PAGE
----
The mother of the woman killed during the Charlottesville attack this weekend said she has "no interest" in speaking to President Donald Trump after his news conference in Trump Tower Tuesday.
"I hadn’t really watched the news until last night and I’m not talking to the president now, after what he said," Susan Bro told Good Morning America Friday. "It’s not that I saw somebody else’s tweets about him, I saw an actual clip of him at a press conference equating the protesters ... with the KKK and the white supremacists.
"You can’t wash this one away by shaking my hand and saying, ‘I’m sorry.’ I’m not forgiving for that," Bro said.
Bro's daughter, Heather Heyer, was killed when a car rammed into a crowd of people protesting white supremacists in Charlottesville Saturday.
On Monday, Bro thanked Trump for his statement condemning the KKK and white supremacists. On Tuesday night, however, Trump delivered a different message, saying "both sides" were to blame for violence in Charlottesville.
"I wasn't there that day, but I will tell you that I'm pretty sure that's the only person that ran people down with a car, so that level of violence didn't take place on both sides, that did not happen," Bro said, referring to the man police say drove his car into the crowd and killed Heyer.
"I've heard it said that the murder of my daughter was part of making America great," Bro said. "The blood on the streets, is that what made America great? Attacking innocent people with a vehicle, is that what made America great?"
James Fields Jr., who grew up in Florence, Kentucky, is charged with murder in Heyer's death.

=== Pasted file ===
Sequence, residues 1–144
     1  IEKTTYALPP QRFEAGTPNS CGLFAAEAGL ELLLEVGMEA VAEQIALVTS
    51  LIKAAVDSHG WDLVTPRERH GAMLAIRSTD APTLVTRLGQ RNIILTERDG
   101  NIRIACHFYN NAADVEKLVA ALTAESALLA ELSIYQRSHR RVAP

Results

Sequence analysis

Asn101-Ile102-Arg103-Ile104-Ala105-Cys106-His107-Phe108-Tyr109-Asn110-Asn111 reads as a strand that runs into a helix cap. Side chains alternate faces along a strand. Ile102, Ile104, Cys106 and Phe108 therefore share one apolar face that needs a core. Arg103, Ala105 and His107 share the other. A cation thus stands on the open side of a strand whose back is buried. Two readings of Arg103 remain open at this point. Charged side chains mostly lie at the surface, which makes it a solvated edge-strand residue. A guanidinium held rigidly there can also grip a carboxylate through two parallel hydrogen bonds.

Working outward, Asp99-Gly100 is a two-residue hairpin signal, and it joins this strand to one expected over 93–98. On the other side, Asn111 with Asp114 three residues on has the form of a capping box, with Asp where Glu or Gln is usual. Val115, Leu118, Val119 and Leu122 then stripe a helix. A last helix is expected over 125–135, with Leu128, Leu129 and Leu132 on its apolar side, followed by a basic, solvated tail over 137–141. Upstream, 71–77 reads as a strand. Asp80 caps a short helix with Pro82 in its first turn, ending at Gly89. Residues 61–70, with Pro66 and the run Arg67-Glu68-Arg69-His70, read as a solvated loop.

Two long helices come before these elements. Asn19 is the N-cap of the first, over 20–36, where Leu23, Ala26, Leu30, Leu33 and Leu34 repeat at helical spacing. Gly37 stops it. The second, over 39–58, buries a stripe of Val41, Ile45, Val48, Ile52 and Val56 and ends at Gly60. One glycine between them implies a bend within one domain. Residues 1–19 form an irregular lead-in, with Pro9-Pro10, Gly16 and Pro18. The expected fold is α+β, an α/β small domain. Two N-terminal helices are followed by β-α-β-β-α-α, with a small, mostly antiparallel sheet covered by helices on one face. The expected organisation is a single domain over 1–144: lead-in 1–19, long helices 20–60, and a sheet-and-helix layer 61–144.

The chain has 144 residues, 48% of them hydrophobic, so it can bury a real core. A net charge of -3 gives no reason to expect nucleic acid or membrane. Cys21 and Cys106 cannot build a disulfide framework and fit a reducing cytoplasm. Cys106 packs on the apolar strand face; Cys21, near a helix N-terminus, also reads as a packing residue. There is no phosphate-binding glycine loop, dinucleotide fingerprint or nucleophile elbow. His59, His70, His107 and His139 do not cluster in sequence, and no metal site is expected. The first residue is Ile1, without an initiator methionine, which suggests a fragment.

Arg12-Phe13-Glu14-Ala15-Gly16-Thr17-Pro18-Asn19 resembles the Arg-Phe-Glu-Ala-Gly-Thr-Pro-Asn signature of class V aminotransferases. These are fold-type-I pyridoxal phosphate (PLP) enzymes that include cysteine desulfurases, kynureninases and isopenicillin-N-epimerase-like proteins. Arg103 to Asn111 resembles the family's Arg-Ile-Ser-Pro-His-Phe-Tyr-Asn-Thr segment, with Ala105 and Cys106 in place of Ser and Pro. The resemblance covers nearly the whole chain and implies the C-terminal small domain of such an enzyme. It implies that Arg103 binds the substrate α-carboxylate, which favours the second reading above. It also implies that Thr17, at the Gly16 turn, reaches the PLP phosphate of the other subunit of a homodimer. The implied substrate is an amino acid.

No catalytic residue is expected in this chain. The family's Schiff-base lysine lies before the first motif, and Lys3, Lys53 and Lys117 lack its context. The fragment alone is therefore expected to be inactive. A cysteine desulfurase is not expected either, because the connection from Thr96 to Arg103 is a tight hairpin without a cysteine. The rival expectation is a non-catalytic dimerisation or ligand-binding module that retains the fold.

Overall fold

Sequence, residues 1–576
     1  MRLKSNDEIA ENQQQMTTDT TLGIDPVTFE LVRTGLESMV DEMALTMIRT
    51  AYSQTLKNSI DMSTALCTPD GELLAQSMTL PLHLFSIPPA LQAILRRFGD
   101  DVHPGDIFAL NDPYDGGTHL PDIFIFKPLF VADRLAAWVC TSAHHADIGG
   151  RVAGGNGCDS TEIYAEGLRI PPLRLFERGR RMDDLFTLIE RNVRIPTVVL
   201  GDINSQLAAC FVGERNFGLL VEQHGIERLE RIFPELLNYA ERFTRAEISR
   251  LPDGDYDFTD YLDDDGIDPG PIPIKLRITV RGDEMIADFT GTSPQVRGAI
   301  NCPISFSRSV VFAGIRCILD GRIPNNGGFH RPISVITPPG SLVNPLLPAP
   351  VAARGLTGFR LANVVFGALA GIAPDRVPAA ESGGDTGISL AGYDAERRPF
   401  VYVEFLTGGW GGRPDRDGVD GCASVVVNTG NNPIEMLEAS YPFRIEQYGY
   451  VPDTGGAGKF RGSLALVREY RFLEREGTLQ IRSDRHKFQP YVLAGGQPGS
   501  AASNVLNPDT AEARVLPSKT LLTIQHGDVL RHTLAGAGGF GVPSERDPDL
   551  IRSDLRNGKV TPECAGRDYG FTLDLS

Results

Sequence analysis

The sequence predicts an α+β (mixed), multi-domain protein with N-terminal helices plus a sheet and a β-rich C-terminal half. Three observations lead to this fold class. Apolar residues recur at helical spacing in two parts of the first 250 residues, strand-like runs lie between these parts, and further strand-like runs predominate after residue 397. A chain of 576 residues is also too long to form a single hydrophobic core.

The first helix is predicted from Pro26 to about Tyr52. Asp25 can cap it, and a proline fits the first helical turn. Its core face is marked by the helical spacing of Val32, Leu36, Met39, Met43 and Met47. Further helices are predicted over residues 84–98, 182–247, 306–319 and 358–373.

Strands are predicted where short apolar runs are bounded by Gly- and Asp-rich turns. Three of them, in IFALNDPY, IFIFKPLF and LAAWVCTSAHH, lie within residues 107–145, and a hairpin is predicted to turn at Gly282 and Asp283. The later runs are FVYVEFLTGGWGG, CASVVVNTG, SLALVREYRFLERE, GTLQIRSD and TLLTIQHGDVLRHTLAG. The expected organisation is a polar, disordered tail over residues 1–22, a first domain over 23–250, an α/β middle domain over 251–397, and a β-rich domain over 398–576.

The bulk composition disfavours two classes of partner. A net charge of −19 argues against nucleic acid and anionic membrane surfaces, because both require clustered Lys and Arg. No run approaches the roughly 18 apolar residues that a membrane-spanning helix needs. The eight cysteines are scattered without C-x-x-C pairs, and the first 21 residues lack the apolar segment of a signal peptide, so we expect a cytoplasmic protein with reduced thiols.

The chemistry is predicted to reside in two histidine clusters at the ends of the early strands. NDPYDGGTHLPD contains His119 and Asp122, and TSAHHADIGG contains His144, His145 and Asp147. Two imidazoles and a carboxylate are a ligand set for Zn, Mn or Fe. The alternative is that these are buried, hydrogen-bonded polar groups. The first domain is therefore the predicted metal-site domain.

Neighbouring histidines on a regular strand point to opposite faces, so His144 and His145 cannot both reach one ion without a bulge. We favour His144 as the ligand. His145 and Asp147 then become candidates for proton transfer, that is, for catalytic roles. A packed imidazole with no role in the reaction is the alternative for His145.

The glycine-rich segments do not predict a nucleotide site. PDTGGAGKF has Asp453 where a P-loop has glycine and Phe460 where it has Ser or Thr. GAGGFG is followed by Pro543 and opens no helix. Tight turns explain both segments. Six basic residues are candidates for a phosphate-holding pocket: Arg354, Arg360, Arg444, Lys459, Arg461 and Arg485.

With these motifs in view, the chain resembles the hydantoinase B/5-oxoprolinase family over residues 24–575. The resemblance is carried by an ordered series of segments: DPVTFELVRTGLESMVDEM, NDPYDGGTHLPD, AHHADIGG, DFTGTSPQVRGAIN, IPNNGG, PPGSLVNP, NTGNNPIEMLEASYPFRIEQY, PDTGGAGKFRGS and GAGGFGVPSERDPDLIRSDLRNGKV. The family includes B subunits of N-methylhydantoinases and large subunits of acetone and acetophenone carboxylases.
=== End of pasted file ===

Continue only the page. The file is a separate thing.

Former classmates said Fields "would proclaim himself a Nazi" and was outspoken about his white supremacist and neo-Nazi views.
At a memorial service for Heyer on Wednesday, Bro said her daughter's activism and desire to help others would live on in her death.
"They tried to kill my child to shut her up. Well, guess what? You just magnified her," Bro said.
Bro told Good Morning America's Robin Roberts that her 32-year-old daughter, who worked as a paralegal, was not part of an organized group like Black Lives Matter or Antifa.
"She was part of a group of human beings who cared to protest," Bro said. "I'm honestly a little embarrassed to say that part of the reason Heather got so much attention is because she's white, and she stood up for black people. Isn't that a shame? That a white person standing up for a black person caused all this excitement? That should be an everyday thing, that should be a norm."
Bro said she plans to keep working to "forward Heather's mission."
"Heather was not a politician, but she was interested in changing people," Bro said. "My focus is not on politics, my focus is on human beings and on how we as human beings can fix problems."